It was Spring 1976 that someone of the board of the foundation (Stichting) “Oud Aalsmeer” suggested to have an exhibition of samplers. Mrs. S. van Zijverden-van Reeuwijk gave several interesting lectures asking the ladies to bring the samplers they had in their possession.It was because of all the preparatory work that many of the ‘Aalsmeerse merklappen’ (samplers of Aalsmeer) could be inventoried.Mrs. S. van Zijverden-van Reeuwijk also made the first contacts between the foundation “Oud Aalsmeer” and the “Outdoor Museum” in Arnhem (het Openlucht Museum te Arnhem).Summer 1977 all the samplers were studied by Mrs. A. Meulenbelt-Nieuwburg, head of the Department of Crafts and Textiles of the “Outdoor Museum” in Arnhem. Both ladies worked on the description of the samplers included in this catalog.The “Outdoor Museum” also has cooperated in the realization of this exhibition.Besides thanking both ladies, I want to thank Mr. J. Alderden for his collaboration by photographing all the samplers printed in this catalog. Finally, and not in the last place, all ladies and gentlemen must be mentioned who were prepared to give up their family property for this exhibition.Thank you to all for the pleasant reception at your home and your enthusiastic participation and your efforts to make this exhibition into a success.Because of lack of space it will not be possible to see most of the 150 samplers.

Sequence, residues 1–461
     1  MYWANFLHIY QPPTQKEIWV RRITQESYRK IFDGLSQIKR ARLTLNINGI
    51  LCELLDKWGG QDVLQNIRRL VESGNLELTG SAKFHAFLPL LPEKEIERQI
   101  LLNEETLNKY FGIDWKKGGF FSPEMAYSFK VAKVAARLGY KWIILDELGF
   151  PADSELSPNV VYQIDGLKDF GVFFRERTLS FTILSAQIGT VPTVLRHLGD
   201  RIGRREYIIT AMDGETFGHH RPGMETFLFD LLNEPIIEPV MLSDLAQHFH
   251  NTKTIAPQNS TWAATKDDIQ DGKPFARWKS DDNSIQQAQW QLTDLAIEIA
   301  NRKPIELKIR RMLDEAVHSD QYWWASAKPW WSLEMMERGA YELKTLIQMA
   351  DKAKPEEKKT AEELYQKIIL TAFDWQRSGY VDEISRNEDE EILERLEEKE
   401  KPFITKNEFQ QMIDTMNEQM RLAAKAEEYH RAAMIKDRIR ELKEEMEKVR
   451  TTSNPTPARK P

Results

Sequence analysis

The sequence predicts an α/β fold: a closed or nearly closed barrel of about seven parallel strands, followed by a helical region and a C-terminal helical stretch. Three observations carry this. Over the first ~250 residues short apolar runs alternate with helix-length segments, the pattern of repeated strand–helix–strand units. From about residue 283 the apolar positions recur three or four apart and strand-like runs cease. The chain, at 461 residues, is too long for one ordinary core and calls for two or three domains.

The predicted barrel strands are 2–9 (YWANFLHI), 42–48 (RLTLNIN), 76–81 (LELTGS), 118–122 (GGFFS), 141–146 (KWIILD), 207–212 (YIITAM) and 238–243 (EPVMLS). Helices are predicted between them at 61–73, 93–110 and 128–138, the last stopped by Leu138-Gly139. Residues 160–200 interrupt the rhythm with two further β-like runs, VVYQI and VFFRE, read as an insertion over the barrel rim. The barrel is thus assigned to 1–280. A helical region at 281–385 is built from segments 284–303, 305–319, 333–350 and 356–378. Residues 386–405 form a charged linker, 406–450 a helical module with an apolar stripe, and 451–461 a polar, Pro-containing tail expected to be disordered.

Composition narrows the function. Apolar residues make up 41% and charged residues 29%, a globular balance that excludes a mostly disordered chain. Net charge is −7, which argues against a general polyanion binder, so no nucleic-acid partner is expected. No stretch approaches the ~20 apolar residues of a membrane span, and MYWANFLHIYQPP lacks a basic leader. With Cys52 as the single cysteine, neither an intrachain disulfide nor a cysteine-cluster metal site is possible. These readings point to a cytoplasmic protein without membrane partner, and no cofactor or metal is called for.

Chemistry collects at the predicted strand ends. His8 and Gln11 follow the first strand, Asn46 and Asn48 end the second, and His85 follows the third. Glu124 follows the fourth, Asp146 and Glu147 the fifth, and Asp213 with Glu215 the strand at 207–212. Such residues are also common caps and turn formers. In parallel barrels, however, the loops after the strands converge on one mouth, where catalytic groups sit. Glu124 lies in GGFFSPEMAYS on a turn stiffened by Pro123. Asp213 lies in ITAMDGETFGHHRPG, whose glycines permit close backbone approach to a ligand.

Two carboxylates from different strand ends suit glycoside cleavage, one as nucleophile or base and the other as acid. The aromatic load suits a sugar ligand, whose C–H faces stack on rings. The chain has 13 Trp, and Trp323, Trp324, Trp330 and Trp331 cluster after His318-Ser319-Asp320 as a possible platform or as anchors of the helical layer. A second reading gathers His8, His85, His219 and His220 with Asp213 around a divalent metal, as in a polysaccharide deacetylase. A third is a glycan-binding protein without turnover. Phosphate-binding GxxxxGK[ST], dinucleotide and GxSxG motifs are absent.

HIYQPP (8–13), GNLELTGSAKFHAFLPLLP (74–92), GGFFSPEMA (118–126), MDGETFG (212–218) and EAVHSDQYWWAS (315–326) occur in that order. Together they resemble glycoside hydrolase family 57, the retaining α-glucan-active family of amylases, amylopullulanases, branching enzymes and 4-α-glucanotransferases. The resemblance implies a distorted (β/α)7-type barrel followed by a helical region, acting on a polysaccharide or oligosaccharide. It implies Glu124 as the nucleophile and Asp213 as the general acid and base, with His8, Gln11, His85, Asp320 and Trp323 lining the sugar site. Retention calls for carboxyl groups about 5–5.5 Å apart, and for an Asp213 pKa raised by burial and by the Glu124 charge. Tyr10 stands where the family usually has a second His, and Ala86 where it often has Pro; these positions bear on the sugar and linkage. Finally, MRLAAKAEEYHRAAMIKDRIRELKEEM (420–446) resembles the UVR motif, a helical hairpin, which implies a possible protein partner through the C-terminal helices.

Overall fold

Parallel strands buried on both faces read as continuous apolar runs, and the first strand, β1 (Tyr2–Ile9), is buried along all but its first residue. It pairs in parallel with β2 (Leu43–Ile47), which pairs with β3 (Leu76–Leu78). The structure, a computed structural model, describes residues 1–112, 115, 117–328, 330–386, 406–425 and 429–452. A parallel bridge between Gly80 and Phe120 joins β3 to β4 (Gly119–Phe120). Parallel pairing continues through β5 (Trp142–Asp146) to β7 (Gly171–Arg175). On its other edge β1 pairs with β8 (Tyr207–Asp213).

In addition to the designation “merklap” of ‘letter lap” in The Netherlands there are for this kind of embroidery regional also other names fashionable.
Marken (Province North-Holland) : ‘uitkijklap’ or ‘vernaaide doek’ (lookout cloth)
Marken: an island at the top on the right
Groningen (Province and city Groningen) : ‘neidoek’ (dialect for naaidoek)
Spain : Marcado = merklap France : Marquoir = merklap England : Sampler or exemplar (derived from the French exemplaire or essemplaire)
Latin: exemplum = example The last explanation is the most acceptable, because the sampler is used by embroideries as an example lap (cloth?) before as well as after the release of pattern books